14 Tax-Free Income Sources

They say there are two guarantees in life - death and taxes. Today you might learn that that’s not necessarily the case. A good understanding of the tax code presents many opportunities to earn tax-free income from various investments, services, and employee benefits.

Although the end-goal of investing is not to pay as little tax as possible, tax-free income is certainly a piece of a well-diversified portfolio. Not only should one look to diversify their assets across multiple asset classes, but also diversify across various tax classifications. This includes tax-free, tax-deferred, and taxable.

The various tax-free income sources listed below may not be appropriate for everyone, but there are sure to be a few that most individuals can take advantage of (and be grateful for)!

  1. Municipal bond interest. Bonds that are issued by municipalities pay out interest to the bond holders. This income is federally tax-exempt and can be tax-exempt on the state level as well.

  2. 14 days of rental income. A little known benefit to short-term rentals is that if you only rent your home for 14 days or less, the income is tax-free. This is a great opportunity for someone that lives in a high-tourist area and can rent their home or an extra bedroom in their home at a high rate.

  3. Roth IRA withdrawals. Contributions to a Roth IRA are after-tax, allowing the contributions and investments to grow tax-deferred and withdrawn in retirement tax-free. The tax-free nature of a Roth IRA makes it a great tool to control taxable income levels in retirement.

  4. Gifts and inheritances. Any gifts or inheritances received by an individual are tax-free, on an unlimited basis.

  5. Child support. Child support payments received are not considered taxable income to the recipient.

  6. HSA medical withdrawals. HSA contributions are tax-deductible, tax-deferred while in the HSA account, and withdrawals are tax-free if used for medical expenses. This is a triple-tax-benefit account.

  7. Insurance proceeds. Insurance policies like disability, life, and workers compensation pay out benefits that are received tax-free. The one caveat is with disability insurance where the premiums have to be paid by the insured for the benefits to be tax-free. If the premiums are paid by an employer, the benefits are taxable.

  8. Employee benefits. The employee benefits signed up for through an employer are considered tax-free income. These payments are for health, life, and other insurance policies that are paid for all or in part by the employer.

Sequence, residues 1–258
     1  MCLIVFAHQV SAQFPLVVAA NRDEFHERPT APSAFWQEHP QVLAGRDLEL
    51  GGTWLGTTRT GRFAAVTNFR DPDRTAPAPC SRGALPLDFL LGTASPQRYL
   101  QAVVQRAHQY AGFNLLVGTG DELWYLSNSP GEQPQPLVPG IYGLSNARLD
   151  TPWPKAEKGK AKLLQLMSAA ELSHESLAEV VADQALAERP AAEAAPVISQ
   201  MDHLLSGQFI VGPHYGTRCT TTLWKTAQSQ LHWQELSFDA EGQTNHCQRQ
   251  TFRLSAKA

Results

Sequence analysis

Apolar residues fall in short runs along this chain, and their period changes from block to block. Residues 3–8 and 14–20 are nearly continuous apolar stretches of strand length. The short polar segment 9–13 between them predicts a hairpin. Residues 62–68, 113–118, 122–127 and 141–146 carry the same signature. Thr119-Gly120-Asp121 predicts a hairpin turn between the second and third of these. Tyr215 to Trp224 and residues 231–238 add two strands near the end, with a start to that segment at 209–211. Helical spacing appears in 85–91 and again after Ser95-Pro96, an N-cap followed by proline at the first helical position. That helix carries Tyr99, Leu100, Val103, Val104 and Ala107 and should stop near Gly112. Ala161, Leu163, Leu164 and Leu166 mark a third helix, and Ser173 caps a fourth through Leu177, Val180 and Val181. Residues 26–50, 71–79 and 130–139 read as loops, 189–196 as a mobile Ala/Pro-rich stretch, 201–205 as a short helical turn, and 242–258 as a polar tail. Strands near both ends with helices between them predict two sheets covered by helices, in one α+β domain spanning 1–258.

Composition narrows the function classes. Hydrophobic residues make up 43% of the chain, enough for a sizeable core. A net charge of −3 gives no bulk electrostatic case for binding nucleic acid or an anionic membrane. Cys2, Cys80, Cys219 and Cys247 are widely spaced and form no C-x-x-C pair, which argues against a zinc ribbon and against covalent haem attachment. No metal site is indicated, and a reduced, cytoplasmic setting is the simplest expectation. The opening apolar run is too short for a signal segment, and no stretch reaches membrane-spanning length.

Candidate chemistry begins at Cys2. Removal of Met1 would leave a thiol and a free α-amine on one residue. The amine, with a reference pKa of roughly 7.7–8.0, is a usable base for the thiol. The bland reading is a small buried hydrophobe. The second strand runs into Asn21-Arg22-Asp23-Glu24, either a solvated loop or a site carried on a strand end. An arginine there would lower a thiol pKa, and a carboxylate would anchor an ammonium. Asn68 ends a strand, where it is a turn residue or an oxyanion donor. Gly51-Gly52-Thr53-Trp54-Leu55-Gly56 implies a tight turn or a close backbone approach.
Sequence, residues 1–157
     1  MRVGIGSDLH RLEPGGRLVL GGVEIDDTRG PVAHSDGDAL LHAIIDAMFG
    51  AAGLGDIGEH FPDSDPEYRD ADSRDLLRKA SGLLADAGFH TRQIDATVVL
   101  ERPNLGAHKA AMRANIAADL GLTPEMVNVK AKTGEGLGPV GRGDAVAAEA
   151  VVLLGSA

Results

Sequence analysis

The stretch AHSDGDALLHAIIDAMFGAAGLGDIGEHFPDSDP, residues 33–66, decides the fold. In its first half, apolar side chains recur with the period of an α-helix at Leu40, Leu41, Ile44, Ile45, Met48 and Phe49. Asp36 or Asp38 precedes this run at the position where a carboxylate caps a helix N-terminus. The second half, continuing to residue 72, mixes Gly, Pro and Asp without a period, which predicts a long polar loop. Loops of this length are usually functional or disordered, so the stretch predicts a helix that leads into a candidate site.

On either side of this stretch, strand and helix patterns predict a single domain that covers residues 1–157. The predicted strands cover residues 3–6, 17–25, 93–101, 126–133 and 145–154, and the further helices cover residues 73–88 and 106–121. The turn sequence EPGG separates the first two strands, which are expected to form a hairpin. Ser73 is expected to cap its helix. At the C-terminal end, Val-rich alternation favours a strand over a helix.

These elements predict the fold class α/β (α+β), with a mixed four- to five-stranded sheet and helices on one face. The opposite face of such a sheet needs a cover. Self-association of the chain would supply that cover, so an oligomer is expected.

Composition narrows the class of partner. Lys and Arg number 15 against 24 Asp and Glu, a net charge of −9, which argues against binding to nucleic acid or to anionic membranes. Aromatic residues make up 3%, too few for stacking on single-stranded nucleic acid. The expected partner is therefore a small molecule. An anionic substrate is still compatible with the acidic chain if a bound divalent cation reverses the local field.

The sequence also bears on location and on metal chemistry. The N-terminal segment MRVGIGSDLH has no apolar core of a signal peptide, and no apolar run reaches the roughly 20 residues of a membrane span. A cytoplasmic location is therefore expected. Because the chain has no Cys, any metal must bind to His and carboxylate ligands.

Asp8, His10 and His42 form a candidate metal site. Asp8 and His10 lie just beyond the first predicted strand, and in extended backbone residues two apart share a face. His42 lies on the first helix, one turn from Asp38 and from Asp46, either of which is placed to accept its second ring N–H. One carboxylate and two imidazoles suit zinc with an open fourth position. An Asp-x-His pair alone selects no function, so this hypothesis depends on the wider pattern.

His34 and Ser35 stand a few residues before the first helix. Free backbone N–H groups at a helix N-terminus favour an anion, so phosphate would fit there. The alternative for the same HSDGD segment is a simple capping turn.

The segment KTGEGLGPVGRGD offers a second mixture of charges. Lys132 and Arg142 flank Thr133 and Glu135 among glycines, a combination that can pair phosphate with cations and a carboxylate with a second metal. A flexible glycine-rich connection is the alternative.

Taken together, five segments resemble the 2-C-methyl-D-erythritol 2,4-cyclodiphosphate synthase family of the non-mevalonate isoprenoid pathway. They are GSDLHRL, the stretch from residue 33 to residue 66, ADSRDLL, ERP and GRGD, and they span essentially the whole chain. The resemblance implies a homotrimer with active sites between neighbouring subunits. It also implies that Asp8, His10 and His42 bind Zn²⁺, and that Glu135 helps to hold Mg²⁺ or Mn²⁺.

9. Credit card rewards. Any rewards or sign-up bonuses received from a credit card are tax-free. With high travel sign-up offers, this can be an easy way to earn thousands of dollars in free travel every year. Just remember to pay off the credit card bill in full every month!

  10. 529 Plan education withdrawals. Similar to a Roth IRA, 529 Plan contributions are made after-tax, grow tax-deferred, and are tax-free when withdrawn. This time, however, withdrawals must be made for higher education related expenses. Due to the Tax Cuts and Jobs Act, 529 Plan proceeds can now be used for K-12 private school tuition (up to $10,000 per year per student).

  11. Scholarships and fellowships. Most scholarships or fellowships received are tax-free income to the recipient, as long as the funds received are used for tuition and other required expenses.

  12. Sale of principal residence. If you’ve owned and lived in your home for two years out of the past five, you receive a sizeable tax exclusion on the capital gain. For single filers, $250,000 of gains is tax-free and married filing jointly filers receive a $500,000 exclusion.

  13. 0% Capital Gains bracket. Most investments receive a preferential tax bracket for long-term capital gains. For individuals in the 10% and 12% tax brackets, realized long-term capital gains are taxed at a rate of 0%. For married filing jointly retirees with $0 of earned income, this means up to $77,200 of long-term capital gains and qualified dividends are tax-free.

  14. Standard deduction amount. Starting in 2018, single filers have a Standard Deduction of $12,000 and married filing jointly filers have a Standard Deduction of $24,000. This deduction means income earned up to the respective amounts is tax-free before entering the progressive tax rate bracket.

Do any of these tax-free income sources apply to you? It is wise to evaluate your income sources on a regular basis to make sure you are being as tax-efficient as possible. Furthermore, adding in additional revenue streams (especially when tax-free) is a great way to boost your financial security.